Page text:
The IAOMT warns that fluoride is a dangerous chemical.
Fluoride is not essential for human growth and development. In regard to fluoride dangers, it has been identified as one of 12 industrial chemicals known to cause developmental neurotoxicity in humans. Sources of human exposure to fluoride now include water, food, air, soil, pesticides, fertilizers, dental products used at home and in the dental office (some of which are implanted in the human body), and an array of other consumer items used on a regular basis. Click here to see a detailed chart of which dental related products can contain fluoride.
In a 2006 report by the National Research Council (NRC) of the National Academy of Sciences, fluoride dangers were evaluated. Concerns were raised about potential associations between fluoride and osteosarcoma (a bone cancer), bone fractures, musculoskeletal effects, reproductive and developmental effects, neurotoxicity and neurobehavioral effects, and effects on other organ systems. Click here to read more about the adverse health effects of fluoride.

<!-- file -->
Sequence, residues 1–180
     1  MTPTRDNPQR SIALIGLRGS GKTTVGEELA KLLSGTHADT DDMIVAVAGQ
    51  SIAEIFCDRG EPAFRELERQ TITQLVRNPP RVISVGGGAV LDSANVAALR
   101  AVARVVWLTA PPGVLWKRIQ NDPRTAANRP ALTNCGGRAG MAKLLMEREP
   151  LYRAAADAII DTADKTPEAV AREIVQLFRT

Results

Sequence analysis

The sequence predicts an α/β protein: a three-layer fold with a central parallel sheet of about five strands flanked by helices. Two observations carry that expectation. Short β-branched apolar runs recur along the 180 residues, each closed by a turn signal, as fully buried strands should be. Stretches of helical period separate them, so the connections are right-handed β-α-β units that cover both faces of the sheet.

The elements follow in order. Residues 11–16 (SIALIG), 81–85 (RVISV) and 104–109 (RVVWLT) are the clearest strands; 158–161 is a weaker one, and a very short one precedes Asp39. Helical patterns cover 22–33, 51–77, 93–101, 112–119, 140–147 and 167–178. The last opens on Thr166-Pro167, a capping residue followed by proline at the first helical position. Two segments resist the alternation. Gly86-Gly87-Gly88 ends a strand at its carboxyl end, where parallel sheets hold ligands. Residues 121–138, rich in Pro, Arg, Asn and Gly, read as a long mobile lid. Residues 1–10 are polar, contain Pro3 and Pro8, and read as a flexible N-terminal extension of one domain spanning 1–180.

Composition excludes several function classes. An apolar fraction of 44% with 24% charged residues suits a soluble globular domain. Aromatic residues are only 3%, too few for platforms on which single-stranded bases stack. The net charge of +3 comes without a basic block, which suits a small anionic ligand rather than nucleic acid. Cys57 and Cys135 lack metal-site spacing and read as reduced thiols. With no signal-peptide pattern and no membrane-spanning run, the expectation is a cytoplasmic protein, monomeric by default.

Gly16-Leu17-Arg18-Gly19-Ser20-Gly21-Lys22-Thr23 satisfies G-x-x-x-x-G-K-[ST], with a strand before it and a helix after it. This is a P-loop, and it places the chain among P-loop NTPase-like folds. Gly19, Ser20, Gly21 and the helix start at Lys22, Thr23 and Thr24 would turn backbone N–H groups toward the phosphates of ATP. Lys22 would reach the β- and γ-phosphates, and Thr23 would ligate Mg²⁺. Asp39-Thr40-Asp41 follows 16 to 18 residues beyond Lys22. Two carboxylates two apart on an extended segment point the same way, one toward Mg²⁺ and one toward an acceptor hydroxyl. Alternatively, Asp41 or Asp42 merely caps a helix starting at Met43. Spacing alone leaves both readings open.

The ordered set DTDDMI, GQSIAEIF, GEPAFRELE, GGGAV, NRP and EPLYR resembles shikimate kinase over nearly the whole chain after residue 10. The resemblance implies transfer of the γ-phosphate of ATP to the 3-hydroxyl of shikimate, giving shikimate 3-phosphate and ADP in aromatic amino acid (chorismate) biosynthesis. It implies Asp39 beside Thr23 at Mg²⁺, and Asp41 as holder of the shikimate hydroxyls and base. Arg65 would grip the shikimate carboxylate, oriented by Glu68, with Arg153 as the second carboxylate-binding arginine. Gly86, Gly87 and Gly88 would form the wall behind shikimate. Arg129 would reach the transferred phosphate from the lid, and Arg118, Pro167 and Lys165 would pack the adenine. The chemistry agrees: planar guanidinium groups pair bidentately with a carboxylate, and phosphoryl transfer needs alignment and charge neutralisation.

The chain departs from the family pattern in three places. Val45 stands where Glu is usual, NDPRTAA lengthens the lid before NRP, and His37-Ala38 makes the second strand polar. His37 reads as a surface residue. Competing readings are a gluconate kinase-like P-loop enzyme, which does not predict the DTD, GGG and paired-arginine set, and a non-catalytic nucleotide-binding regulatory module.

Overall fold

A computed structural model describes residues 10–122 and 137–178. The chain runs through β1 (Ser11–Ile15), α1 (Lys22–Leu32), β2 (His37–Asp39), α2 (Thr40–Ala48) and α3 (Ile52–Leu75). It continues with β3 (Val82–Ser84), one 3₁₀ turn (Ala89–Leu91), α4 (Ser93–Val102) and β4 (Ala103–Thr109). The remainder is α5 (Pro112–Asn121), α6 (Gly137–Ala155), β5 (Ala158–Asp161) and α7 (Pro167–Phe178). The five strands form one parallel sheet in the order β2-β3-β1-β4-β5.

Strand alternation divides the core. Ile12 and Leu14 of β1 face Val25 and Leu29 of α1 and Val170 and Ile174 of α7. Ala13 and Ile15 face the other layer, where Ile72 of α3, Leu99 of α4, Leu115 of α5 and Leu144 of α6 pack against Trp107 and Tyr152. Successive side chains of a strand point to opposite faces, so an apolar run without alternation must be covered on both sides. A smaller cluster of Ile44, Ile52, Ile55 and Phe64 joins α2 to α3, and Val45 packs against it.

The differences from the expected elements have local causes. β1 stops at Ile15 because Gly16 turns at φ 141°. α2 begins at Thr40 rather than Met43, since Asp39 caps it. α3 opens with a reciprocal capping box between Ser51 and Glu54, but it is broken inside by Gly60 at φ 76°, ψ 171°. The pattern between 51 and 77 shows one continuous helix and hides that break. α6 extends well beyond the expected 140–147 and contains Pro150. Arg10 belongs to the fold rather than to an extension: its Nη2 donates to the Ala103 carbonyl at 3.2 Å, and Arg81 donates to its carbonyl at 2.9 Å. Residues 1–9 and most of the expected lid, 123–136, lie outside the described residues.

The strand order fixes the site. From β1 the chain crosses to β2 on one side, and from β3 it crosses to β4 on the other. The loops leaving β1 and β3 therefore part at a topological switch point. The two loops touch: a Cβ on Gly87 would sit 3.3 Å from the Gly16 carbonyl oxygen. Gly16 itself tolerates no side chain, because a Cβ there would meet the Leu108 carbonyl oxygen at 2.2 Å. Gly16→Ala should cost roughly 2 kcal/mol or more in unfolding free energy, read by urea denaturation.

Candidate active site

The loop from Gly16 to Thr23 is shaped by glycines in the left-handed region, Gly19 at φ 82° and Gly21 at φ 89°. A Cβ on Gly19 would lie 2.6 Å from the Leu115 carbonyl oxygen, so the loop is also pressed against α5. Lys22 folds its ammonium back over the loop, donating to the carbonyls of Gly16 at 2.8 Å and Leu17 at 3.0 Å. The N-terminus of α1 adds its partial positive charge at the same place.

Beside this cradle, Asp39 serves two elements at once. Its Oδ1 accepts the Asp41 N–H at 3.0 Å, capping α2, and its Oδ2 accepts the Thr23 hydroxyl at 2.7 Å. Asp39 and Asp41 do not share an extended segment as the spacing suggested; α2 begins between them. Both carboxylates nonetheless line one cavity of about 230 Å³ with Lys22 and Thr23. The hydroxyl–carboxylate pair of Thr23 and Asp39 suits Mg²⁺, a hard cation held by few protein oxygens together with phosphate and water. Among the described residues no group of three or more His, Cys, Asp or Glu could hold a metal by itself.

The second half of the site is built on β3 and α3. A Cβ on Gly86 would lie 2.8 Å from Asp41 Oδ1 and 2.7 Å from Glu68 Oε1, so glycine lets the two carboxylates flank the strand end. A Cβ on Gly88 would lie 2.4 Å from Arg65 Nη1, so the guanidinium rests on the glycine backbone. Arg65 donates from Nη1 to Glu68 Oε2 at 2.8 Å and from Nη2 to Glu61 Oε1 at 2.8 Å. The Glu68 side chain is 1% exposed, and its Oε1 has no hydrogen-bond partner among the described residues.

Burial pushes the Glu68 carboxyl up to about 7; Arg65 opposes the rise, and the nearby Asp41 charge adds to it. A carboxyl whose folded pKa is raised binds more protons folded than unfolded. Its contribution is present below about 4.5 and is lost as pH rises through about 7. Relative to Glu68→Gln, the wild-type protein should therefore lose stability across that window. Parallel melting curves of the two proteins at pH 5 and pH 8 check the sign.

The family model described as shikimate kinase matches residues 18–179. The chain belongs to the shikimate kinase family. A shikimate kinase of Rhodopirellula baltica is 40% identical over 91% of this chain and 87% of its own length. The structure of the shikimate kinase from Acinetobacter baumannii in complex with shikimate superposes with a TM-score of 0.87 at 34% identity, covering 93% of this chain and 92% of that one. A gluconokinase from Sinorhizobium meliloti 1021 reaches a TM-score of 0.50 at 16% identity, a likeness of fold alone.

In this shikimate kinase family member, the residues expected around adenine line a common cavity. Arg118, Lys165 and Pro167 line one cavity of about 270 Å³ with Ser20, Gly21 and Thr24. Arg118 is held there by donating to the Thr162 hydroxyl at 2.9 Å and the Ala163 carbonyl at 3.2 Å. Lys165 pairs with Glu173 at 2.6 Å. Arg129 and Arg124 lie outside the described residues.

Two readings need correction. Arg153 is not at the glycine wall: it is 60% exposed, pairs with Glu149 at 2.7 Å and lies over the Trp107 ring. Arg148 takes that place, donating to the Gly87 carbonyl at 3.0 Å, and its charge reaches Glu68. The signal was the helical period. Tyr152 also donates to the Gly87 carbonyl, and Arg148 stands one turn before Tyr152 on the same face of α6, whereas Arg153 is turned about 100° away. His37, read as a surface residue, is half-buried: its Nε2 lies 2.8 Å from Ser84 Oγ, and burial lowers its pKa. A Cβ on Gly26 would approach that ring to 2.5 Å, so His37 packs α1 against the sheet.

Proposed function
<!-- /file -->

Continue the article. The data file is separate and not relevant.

Since the NRC report was released in 2006, a number of other relevant research studies have been published about potential health risks and fluoride dangers in dental products. Click here to read some of the warnings about fluoride.
Fluoride was not widely used for any dental purposes prior to the mid-1940’s. In 1945, it was first used for artificial water fluoridation in spite of warnings about fluoride dangers, as well as doubts about its alleged usefulness in controlling dental caries.
Meanwhile, fluoridated toothpastes were introduced and their increase in the market occurred in the late 1960s and early 1970s. By the 1980s, the majority of commercially available toothpastes in industrialized countries contained fluoride. Other fluoridated dental products were likewise promoted for more common commercial use in recent decades.
Read the labels of your toothpaste, mouthwash, and floss to check if they contain fluoride, and consider using fluoride-free dental products to reduce your exposure.